The name is not quite what it seems to mean. It is not a place that offers mukti but a place on the banks of the Ganga where people go to live and wait to die so that they can obtain mukti. We Hindus believe that Lord Siva whispers the Taraka mantra of Ram in the ears of those who die in Kashi, thus sending them on their way to Moksha.
Which Hindu will not be tempted by this easy road to Moksha? None of us can claim to have done the difficult sadhana of meditation or achieved the unattainable goal of detachment which alone will relieve our soul from future births. So we look for easier ways. Dying in Kashi and a few other towns in India like Kanchi or Thiruvaiyaru I think is one of the easiest ways. Therefore pious Hindus have made a beeline to Kashi , perhaps being unaware of these other towns, in the hope of dying there. Bengalis, being closer geographically, and more easily abandoned by their families for economic and superstitious reasons, have found themselves ferried to Kashi in their old age and left to die in one of the numerous dharamshalas. Those from the South find it much more difficult even to make the one mandatory pilgrimage to Kashi in their lifetime and hence few of them move there but those taking darshan of Vishvanath secretly harbor a hope that they might die there, if they are of an age to think about dying at all.
We all remember Pattamma from our extended family who moved to Kashi when she was middle-aged and began to live in the Kanchi Shankar Math. She had been widowed at an early age with no children and had briefly taken care of my father as a motherless boy of ten or so when his father had left him with Pattamma in the town of Kumbakonam. My grandfather would send bags of rice to see them through the year and Pattamma would fill the water drums in a local school as a service, filling and carrying brass kudams with water from the Cauvery, while my father would cook a pot of rice at home, as instructed by her. He was at the time studying in a local school. She was an aunt by marriage I think and he lived with her for two years . It was not because she was abandoned or poor that she moved to Kashi, though poor she certainly was, but because there was something in her that drove her to live there and await her death. She was requested by family members to come back but she always refused. After a few years she was recognized as a permanent inmate of the Math and was even given her own room. Her daily routine consisted of waking up early in the morning and going down to the Ganga for her morning bath before visiting the temple and probably doing chores around the Math. Perhaps there were bhajans in the Math and elsewhere. We visited her whenever we went to Kashi and so did my father and all other relatives. She remembered everyone and bustled about cheerfully as she asked after this one or that. I was amazed that she knew my name but I was not mature enough or knowing enough in those days to ask her the questions that I now wish I had. She died in her eighties in the Math where she must have lived for forty years or more and was no doubt cremated in the Harishchandra Ghat. The Math was in the Hanuman Ghat.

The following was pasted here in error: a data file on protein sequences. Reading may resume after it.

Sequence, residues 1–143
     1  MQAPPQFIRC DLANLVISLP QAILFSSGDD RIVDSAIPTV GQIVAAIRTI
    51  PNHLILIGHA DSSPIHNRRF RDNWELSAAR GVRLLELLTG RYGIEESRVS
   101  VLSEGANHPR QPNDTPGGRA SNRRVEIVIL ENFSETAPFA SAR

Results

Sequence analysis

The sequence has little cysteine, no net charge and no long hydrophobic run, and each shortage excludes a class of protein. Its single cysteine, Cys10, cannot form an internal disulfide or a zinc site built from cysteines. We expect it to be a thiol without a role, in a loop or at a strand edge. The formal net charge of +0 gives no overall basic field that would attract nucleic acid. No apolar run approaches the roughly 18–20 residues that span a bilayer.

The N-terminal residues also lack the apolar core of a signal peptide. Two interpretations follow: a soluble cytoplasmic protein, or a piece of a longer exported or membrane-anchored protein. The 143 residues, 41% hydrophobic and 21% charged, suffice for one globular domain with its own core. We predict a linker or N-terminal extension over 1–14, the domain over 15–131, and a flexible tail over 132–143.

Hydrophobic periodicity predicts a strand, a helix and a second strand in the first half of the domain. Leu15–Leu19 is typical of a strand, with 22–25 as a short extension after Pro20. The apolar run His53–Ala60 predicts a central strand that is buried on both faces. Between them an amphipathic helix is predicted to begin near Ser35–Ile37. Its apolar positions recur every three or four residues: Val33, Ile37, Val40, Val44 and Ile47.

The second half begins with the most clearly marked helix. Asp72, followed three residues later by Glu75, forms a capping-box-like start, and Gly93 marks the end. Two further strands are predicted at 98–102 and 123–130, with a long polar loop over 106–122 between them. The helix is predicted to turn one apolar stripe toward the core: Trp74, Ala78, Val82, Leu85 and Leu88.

The title refers to a movie about a place that provides rooms for people to do what Pattamma did in a Math – live and die – but only for fifteen days. Either they died and checked out or they just checked out. But, taking into account that people do not die at will, Mishraji the owner, allows them to stay on by changing their names.
I am reminded of someone’s grandmother who was convinced that her time had come and travelled from Chennai to Kashi and rented a house to die in. However she was wrong and six months later she returned to Chennai, to die peacefully in her own home. Rich and surrounded by family as she was, I have no doubt she would have envied Pattamma had she known her.